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Poisoning

When should I call the Poison Center or my health care provider?

Call IMMEDIATELY any time you think your child has swallowed a poison.

Be prepared to answer the following questions:

  • What was swallowed?
  • How much was swallowed?
  • When was it swallowed?
  • Does your child have any symptoms?

What if acids, alkalis, or petroleum products are swallowed?

Acidic and alkaline substances and petroleum products include toilet bowl cleaners, oven cleaners, drain cleaners, lye, automatic dishwasher detergent, and Clinitest tablets. They also include ammonia, bleaches, kerosene, gasoline, benzene, furniture polish, and lighter fluid. If your child vomits after swallowing these, more damage to the esophagus or lungs can occur.

  • First Aid

    Do not try to make your child throw up. Give your child 2 or 3 ounces of water (or milk) to drink to wash out the esophagus. Do not give your child too much fluid or it could cause your child to vomit. Keep your child sitting or standing to protect the esophagus. Do not let him lie down. Go to the nearest emergency room. Bring the container the poison was in with you.

What if drugs, chemicals, or plants are swallowed?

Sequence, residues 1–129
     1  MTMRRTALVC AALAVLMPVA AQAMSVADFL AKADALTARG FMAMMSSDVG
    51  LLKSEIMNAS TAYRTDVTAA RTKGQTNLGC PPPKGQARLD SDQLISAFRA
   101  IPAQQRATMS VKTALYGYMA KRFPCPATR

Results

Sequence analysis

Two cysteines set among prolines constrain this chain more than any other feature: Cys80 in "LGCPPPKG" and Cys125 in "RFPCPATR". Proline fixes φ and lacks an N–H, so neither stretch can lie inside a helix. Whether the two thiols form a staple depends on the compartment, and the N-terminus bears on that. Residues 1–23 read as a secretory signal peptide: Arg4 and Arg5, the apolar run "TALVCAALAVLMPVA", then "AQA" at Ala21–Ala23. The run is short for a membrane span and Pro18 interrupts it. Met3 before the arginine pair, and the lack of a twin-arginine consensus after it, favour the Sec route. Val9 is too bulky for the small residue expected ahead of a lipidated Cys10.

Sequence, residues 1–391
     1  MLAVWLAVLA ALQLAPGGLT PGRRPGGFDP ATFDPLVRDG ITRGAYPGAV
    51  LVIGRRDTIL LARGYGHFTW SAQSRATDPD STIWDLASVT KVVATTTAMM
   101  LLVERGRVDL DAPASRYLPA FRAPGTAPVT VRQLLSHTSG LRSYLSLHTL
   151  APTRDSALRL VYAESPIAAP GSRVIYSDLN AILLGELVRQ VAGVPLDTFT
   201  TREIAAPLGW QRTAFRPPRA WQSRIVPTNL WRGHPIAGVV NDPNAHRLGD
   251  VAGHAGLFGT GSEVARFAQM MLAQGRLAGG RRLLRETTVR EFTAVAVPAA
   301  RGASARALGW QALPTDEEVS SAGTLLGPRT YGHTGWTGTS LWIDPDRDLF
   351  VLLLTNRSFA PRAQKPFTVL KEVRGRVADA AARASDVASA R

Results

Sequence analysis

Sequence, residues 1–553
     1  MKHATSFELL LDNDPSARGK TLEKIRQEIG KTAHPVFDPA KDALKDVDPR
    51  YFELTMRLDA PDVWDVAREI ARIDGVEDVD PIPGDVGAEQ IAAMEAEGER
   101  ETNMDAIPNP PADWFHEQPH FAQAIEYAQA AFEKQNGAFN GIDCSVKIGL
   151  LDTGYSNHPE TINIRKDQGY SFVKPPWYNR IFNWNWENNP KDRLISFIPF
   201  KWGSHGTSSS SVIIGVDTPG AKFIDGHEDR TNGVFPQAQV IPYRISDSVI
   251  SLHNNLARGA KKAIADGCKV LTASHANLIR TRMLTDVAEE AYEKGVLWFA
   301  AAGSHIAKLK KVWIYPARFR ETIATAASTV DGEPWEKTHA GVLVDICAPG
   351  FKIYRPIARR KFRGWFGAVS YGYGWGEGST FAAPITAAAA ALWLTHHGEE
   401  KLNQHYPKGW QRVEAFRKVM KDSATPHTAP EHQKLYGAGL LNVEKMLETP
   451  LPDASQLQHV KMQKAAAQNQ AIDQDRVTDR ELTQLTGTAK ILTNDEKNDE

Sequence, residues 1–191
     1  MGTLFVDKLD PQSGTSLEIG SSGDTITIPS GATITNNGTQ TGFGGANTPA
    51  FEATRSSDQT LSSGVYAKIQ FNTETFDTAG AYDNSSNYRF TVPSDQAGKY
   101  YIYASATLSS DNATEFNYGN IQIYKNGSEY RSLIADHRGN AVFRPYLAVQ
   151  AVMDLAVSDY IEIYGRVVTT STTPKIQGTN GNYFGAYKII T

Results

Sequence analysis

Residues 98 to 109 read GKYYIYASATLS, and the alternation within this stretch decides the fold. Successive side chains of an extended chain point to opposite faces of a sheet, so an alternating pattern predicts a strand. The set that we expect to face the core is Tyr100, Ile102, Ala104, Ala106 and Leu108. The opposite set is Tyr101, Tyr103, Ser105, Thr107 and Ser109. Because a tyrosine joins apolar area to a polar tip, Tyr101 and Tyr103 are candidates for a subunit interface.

Most prescription medicines are a problem if taken as an overdose. Chemicals and many plants are also poisonous. The most dangerous drugs (in overdoses) are barbiturates, clonidine, digitalis products, narcotics, Lomotil, Darvon, Tofranil, and other tricyclic antidepressants. Some dangerous nonprescription medicines are iron and aspirin.

  • First Aid

    The National Poison Center hotline number is 1-800-222-1222. This number will automatically connect you with your local poison center. Do not make your child throw up. Syrup of ipecac is no longer used for poisonings. If you have any ipecac in your home, get rid of it by flushing it down the toilet.

What are some harmless substances?

Fortunately, many children will swallow nonedible substances that do not cause any serious problems. In these cases it is not necessary to try to get your child to throw up.

Some examples of nontoxic substances are:

  • candles
  • chalk, crayons, ballpoint pens, felt tip pens, or pencils (the "lead" is actually graphite)
  • hair sprays, hand lotions, or perfumes
  • dog/cat food or cat litter
  • deodorants, detergents, toothpaste, or hand soaps
  • dirt
  • greases and oils
  • silica granules
  • petroleum jelly, shampoos, shaving cream, or suntan lotions.

Call your health care provider to make sure that what your child swallowed is harmless.

Written by B.D. Schmitt, M.D., author of "Your Child's Health," Bantam Books.
Published by McKesson Provider Technologies.
Last modified: 2005-04-13
Last reviewed: 2006-03-02
This content is reviewed periodically and is subject to change as new health information becomes available. The information is intended to inform and educate and is not a replacement for medical evaluation, advice, diagnosis or treatment by a healthcare professional.
Copyright 2006 McKesson Corporation and/or one of its subsidiaries. All Rights Reserved.
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